As I sit down to write this blog, I am getting thirsty. So, as I make my cup of tea, I’m thinking about what people historically drank, particularly here in Erie County.
In the early days of settlement, whiskey was the drink of choice for many. Shipments of coffee and tea were not too steady “on the frontier” as the lands west of the Appalachian Mountains were referred to. Farmers converted excess grains into whiskey by using a distillery, which were as common as gristmills (a gristmill, usually water powered, ground grains into flour). Whiskey was consumed at any point in the day, and by children as well as adults. Of course, then, as now, some people had a problem with too much whiskey drinking and the first prohibition society in Erie County began in Wattsburg in 1829. By 1840, every town in the county had a temperance society and by 1896 distilleries no longer existed here.
Beer production in Erie County began in 1815 by Major David McNair on Turnpike Street in the city. McNair worked with Oliver Hazard Perry during the building of the fleet before the Battle of Lake Erie and was probably (I’m not positive) on board during the battle. The Major knew his priorities because after beginning beer production, he added a distillery in 1823, then a gristmill in 1827. By 1896, there were about 10 breweries in the County with 3 being quite large. The influence of the many German immigrants who moved here in the mid 1800s began the increasing manufacture and consumption of beer. The most well known of the breweries was the Koehler Brewing Company.
Charles Koehler began a brewery in 1847 that was located on Parade Street then moved to 26th and Holland Streets. His son, Jackson, born in Erie in 1851, purchased the Eagle Brewery in 1883. Jackson grew the business quickly for that first year, 6,500 barrels of beer were produced. By 1895, that number increased to 30,000 barrels. In 1899, Eagle Brewing merged into the Erie Brewing Company which owned Koehler Brewing.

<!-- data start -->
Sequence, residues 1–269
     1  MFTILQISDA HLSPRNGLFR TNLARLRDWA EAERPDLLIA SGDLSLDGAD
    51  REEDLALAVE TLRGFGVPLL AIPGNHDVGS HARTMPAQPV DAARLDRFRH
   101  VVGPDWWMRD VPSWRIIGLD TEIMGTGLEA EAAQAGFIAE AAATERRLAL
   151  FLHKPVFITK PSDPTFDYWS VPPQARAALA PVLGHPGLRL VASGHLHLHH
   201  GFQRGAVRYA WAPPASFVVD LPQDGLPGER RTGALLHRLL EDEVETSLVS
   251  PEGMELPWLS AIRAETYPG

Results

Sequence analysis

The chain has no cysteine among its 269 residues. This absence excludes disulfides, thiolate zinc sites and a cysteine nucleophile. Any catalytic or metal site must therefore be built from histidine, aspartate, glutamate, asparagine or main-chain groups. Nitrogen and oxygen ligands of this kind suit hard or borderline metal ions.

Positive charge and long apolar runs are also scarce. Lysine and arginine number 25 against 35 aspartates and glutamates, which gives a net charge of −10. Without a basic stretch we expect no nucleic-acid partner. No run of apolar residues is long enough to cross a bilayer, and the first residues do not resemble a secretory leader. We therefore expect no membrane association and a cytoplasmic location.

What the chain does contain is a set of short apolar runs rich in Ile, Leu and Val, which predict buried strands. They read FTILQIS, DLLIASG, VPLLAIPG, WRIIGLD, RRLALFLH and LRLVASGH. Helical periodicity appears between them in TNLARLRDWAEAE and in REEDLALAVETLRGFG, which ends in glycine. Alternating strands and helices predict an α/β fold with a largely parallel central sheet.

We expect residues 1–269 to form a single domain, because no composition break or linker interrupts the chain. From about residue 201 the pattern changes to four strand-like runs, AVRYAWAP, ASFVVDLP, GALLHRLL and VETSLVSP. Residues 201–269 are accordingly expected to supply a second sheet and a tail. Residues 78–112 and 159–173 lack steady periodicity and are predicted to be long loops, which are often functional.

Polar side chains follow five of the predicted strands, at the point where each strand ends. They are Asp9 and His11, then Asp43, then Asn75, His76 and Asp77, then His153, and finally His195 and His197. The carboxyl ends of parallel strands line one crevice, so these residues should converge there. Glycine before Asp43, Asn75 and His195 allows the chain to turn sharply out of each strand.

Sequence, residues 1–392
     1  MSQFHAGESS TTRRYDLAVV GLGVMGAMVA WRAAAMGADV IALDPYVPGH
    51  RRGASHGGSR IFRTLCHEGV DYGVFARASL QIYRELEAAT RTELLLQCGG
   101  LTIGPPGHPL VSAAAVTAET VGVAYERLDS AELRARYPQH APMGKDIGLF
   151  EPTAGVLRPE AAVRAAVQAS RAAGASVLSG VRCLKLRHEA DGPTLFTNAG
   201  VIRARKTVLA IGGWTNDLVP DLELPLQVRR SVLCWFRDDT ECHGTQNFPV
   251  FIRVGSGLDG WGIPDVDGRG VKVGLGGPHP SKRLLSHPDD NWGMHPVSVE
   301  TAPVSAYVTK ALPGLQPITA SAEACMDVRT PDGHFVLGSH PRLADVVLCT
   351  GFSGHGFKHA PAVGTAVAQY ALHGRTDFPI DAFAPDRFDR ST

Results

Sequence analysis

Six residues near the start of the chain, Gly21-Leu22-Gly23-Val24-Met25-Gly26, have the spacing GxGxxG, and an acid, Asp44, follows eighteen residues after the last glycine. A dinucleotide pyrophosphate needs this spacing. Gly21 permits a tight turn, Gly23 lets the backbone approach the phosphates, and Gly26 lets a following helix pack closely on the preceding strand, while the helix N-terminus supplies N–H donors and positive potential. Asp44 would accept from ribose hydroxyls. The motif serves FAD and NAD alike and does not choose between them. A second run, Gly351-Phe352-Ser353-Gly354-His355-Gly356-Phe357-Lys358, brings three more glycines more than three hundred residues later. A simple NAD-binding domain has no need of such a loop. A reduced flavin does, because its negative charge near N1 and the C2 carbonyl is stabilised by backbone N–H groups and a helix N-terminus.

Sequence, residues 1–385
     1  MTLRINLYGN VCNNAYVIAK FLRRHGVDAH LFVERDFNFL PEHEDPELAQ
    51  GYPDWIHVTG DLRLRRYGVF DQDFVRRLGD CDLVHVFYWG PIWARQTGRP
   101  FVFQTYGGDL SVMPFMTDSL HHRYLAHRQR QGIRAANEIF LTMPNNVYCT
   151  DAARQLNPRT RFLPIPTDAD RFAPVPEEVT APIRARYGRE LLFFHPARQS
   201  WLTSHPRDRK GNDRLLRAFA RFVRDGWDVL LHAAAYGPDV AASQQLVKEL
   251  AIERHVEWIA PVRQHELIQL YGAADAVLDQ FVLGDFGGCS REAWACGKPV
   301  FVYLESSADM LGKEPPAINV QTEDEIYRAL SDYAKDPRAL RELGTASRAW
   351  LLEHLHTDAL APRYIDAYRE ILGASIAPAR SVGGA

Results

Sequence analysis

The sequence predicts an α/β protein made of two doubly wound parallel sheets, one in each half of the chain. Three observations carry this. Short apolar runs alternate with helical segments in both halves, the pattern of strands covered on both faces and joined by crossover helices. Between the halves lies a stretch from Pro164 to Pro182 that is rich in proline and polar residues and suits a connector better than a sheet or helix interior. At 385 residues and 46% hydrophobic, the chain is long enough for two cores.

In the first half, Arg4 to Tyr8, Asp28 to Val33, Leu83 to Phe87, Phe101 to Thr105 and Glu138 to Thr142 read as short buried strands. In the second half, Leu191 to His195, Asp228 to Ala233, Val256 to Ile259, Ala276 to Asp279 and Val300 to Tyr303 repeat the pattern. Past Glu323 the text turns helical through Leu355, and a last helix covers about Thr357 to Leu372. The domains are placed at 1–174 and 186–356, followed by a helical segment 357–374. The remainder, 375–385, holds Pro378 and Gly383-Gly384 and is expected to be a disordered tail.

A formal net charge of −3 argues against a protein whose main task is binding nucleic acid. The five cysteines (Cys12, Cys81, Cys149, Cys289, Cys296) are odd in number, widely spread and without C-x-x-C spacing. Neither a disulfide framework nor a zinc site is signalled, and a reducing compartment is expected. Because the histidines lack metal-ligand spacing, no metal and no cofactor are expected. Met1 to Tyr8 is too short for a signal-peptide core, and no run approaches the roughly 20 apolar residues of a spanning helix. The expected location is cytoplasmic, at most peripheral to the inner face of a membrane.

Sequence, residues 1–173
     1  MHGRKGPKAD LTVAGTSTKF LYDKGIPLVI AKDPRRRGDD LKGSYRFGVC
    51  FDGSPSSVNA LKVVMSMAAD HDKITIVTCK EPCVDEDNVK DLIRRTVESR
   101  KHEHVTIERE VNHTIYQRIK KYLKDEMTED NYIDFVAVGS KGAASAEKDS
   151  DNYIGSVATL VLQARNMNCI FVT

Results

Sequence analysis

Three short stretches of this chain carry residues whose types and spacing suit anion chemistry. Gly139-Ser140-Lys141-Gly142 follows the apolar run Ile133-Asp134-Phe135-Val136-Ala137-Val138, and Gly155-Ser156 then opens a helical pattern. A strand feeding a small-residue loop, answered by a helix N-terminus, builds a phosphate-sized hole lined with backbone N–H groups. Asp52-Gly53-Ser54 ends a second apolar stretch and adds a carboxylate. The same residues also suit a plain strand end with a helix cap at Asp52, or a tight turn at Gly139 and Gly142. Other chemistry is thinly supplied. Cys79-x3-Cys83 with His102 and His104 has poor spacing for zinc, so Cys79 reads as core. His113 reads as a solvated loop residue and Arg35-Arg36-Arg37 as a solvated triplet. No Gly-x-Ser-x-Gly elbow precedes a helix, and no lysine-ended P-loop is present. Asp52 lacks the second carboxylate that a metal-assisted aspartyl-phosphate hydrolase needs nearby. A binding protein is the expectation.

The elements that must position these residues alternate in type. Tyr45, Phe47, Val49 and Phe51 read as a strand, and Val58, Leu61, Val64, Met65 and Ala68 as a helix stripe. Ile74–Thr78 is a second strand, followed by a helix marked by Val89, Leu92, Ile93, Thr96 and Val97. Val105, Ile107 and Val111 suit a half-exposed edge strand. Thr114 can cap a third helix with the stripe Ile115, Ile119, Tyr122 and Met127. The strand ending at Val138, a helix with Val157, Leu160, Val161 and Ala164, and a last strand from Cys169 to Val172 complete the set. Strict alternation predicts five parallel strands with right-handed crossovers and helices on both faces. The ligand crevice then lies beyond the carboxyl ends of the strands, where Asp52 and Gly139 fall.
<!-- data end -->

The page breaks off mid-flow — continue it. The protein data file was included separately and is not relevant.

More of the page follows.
Unfortunately, large national breweries and their growing influence on the public with the advent of televised advertisements decreased the market of local brews. I recently read that Koehler had its own advertising tactics of the “ghost” of Jackson Koehler ruining local get togethers when beer, other than Koehler’s was served. In 1978, the company could no longer compete and closed its doors.
In 2018, the Koehler name is once again associated as a brewery. In 2018, Bruce and Bryan Koehler of Grove City, PA began brewing using old beer making recipes as their inspiration. The beer can be found on tap and bottles in several Erie “beer joints” and distributors. I had to taste it (for the purpose of this blog only of course!) and enjoyed it. I wish the brothers long life and much happiness as they take a sip of Erie history and find a new audience to enjoy the flavor. Prost!